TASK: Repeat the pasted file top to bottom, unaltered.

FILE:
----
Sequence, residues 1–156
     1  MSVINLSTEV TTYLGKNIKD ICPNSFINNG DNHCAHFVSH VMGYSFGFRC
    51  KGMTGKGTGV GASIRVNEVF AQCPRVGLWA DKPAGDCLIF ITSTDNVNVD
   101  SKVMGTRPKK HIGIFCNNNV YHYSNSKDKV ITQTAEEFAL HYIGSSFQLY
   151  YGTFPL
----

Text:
Sequence, residues 1–156
     1  MSVINLSTEV TTYLGKNIKD ICPNSFINNG DNHCAHFVSH VMGYSFGFRC
    51  KGMTGKGTGV GASIRVNEVF AQCPRVGLWA DKPAGDCLIF ITSTDNVNVD
   101  SKVMGTRPKK HIGIFCNNNV YHYSNSKDKV ITQTAEEFAL HYIGSSFQLY
   151  YGTFPL